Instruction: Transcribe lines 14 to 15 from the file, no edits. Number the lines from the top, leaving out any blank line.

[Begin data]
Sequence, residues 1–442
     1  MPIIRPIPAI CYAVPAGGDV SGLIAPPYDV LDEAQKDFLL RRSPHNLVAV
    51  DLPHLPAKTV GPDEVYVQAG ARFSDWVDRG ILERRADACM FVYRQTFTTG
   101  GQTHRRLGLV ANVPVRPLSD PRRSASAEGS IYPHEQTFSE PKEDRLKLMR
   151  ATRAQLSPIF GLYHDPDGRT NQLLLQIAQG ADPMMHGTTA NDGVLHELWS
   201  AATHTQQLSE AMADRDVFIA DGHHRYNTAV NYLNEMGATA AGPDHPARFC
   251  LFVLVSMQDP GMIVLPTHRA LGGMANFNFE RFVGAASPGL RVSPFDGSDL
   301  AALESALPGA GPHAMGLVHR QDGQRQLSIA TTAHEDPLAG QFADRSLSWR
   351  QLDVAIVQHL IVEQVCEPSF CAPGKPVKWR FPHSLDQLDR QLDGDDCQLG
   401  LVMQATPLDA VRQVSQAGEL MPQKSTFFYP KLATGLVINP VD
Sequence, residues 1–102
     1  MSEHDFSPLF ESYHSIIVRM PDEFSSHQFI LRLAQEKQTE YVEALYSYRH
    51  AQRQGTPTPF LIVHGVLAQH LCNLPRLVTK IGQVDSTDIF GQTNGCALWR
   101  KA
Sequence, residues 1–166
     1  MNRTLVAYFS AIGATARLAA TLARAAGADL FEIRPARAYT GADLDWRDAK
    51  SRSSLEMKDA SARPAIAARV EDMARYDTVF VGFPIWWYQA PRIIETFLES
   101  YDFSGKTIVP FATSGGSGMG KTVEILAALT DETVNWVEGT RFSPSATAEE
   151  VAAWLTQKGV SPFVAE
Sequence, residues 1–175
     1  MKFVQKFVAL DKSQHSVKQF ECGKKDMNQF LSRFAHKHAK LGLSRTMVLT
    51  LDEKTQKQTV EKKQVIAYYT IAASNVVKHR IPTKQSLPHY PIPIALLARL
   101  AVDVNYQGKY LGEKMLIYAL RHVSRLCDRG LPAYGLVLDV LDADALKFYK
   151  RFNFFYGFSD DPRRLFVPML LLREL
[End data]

   101  KA
Sequence, residues 1–166